Last October, the WSU Puyallup Research and Extension Center, Northwest Turfgrass Association, and Washington State Commission on Pesticide Registration teamed up to investigate the problem. Stacey, Glass, Drs. Marianne Elliott and Gwen Stahnke, and scientific assistant Katie Coats collected 50 samples from 27 Pacific Northwest golf courses during the fall, winter, and early spring. Most of the samples were isolated from annual bluegrass, the predominant putting-surface turfgrass species. The researchers presented their initial findings during the 2011 WSU Turfgrass Field Day July 19 in Puyallup.
So far, Pythium torulosum, Pythium vanterpoolii, and Pythium volutum have been identified as the most common species in the golf course samples. Stacey and the team will continue to culture and sequence all samples, then determine if the pathogens are infectious by reinfecting turfgrass under varying conditions of shade, moisture, and soil temperature.
“Why did it happen? I think that question will be answered once we determine what we’re dealing with,” Stacey said.
Pythium Puzzlement Keeps Turfgrass Managers Sleepless
Diseases caused by Pythium are as effective as No-Doz® for keeping golf course supervisors awake at night, according to Jim Kerns, the field day’s featured speaker. Some have even blamed this kissing cousin to a fungus for wiping out entire fairways overnight.
Kerns, an assistant professor and Extension specialist of turfgrass pathology at the University of Wisconsin at Madison, broke down three main Pythium diseases for 50 to 60 attendees. The species that causes Pythium blight attacks above-ground foliage; those responsible for Pythium root rot destroy the root system. Still other species cause Pythium root dysfunction, another disease similar to root rot. Control measures are different for each species; a fungicide that works well to treat blight won’t work with root rot, making disease management a challenge. Since Pythium likes warm, wet conditions, cultural practices are also effective in fighting it, including limiting irrigation and increasing mowing height.
“Pythium diseases, especially those that affect the roots, can be very difficult to diagnose in the field,” Kerns said. “Therefore, if symptoms or signs develop that are characteristic of these three diseases, submit samples to a local diagnostic clinic immediately. The best way to combat these diseases is to know which one you are dealing with.”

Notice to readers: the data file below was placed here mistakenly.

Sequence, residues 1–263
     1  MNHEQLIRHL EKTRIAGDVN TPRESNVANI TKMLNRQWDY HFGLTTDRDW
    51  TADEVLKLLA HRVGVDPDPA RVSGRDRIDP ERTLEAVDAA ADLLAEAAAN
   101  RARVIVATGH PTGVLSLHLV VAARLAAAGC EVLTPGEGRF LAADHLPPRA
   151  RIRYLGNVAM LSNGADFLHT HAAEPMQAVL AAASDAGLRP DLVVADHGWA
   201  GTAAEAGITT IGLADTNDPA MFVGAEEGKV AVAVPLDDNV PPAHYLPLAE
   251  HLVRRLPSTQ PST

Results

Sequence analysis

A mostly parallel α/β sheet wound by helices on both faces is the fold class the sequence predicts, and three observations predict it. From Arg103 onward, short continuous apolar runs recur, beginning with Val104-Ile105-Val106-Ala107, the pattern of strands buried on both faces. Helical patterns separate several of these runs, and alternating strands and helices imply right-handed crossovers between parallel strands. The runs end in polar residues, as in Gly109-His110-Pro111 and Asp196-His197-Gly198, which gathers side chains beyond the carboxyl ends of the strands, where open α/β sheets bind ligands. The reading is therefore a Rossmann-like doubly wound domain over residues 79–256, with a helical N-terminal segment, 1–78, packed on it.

Text and photos by Nella Letizia
Turf problems? Get help from the experts: WSU’s Plant Diagnostic Clinic provides sample processing as well as research and extension information on turfgrass in the Pacific Northwest, primarily west of the Cascade Mountains. For more information, visit http://bit.ly/q2xVhE.
Congrats to WSU Weed Olympians!
Congratulations to the WSU team of Jared Bell (Molecular Plant Sciences doctoral candidate), Alan Raeder and Misha Manuchehri (Crop Science master’s students), and Nevin Lawrence (Crop Science doctoral student) who placed first in the Western Region division of the first annual Weed Olympics held in Knoxville on July 27. Jared Bell also scored a third place win as an individual graduate student in the Western Region. All four students are advised by WSU weed scientist Ian Burke.
The Weed Olympics is an unusual event, Burke said, and can be quite challenging. Individuals are required to identify weeds and unknown herbicides, complete sprayer calibration problems, and participate in a role-playing exercise that requires solving a problem a grower might encounter.
Weeds and weed problems in Tennessee look a little different than those in Washington, Burke added, but the team of WSU students rose to the challenge. “The team worked hard the past few weeks to prepare,” Burke said.
This was the first Weed Olympics that brought student competitors from across the nation.